energy star

Energy Star Scores Updated This Week

  August 27, 2018

By Greg Zimmerman

Facility managers might want to log into their Portfolio Manager accounts to check their updated Energy Star scores. That’s because the U.S. Environmental Protection Agency (EPA) updated all scores on Aug. 26 based on calculations from new data. The EPA based the new Energy Star score calculations on data from the most recent Commercial Buildings Energy Consumption Survey.

“The most recent market data available shows an overall improvement in the energy performance of the U.S. building stock in recent years,” according to EPA. This finding means that many current scores will go down a bit. For instance, the EPA estimates that an average school’s score will drop about 13 points, while an average office building’s score will drop about 12 points.

EPA is making two other changes during this update.

First, managers will have a new option after Aug. 26 to use estimated energy use for data centers. This option is designed for smaller data centers within another property type and where it is not practical to measure information technology (IT) energy use. The industry best practice and recommended option continues to be to separately measure and enter IT energy use when feasible. Read an FAQ on using data center estimates.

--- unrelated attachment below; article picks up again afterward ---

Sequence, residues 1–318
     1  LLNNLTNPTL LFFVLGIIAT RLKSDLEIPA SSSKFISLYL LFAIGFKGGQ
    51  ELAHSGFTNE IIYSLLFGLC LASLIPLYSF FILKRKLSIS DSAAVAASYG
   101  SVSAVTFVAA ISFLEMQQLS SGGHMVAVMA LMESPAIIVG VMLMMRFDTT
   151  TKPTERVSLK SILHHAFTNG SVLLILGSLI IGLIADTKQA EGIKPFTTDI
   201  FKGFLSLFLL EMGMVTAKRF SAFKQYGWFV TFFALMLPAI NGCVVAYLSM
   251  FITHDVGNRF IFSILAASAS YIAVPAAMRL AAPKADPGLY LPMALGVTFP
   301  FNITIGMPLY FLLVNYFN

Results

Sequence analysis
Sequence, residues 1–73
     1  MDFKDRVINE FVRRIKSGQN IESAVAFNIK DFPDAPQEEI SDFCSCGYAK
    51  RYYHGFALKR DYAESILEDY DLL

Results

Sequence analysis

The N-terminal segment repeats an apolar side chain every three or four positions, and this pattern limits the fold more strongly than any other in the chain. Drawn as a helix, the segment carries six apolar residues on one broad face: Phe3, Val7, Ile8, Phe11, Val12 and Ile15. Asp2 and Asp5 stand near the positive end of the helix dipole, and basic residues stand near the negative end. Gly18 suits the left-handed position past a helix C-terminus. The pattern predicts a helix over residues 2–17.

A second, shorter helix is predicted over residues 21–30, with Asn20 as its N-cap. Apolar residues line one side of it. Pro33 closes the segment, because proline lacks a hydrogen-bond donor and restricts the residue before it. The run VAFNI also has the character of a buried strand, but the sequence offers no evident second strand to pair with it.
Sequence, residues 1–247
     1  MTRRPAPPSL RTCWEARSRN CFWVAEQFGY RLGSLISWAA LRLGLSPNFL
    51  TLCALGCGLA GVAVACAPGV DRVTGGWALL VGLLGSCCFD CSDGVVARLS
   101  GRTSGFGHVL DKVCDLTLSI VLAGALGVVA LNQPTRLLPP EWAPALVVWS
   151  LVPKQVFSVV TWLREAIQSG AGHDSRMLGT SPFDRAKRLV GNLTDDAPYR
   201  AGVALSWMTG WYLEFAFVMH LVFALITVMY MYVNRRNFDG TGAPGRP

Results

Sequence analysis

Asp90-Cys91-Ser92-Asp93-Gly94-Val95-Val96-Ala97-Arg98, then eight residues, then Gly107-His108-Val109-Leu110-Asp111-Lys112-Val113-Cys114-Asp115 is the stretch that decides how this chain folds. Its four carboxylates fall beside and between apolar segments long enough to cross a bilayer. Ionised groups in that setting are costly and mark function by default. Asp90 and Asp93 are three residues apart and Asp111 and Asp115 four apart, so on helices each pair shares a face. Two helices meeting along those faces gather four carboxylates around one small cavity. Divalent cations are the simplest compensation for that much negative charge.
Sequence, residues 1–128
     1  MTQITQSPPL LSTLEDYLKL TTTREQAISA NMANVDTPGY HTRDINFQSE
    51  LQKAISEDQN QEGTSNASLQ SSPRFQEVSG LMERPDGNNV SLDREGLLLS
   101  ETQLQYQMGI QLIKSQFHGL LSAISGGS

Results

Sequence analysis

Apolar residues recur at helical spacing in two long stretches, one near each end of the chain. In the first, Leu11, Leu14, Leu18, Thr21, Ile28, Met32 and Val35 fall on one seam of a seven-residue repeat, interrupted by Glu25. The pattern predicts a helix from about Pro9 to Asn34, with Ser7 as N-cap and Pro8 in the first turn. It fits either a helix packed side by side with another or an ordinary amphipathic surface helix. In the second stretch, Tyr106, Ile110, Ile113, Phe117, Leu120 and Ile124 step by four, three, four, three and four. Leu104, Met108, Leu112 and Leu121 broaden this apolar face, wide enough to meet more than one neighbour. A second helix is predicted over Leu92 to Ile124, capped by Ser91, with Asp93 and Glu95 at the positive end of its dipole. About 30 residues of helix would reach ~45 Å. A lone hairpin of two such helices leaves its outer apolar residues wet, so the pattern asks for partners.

Second, the source energy factor helps level the playing field for different fuel types by tracing the energy requirements of the building back to the raw fuel input — coal, gas, steam, hydro, etc. Based on the national average, the new national source electric factor will be slightly lower. But performance metrics could increase or decrease depending on the building’s fuel-mix ratio, though changes based on this update alone with be comparatively small in magnitude. Read the source energy factor technical reference for more information.

I’d love to hear the way the latest updates affected your score. Please comment below, or email me at greg.zimmerman@tradepressmedia.com.

This Quick Read was submitted by Greg Zimmerman, executive editor, Building Operating Management. Read his recent story about the new LEED v4.1 rating system.


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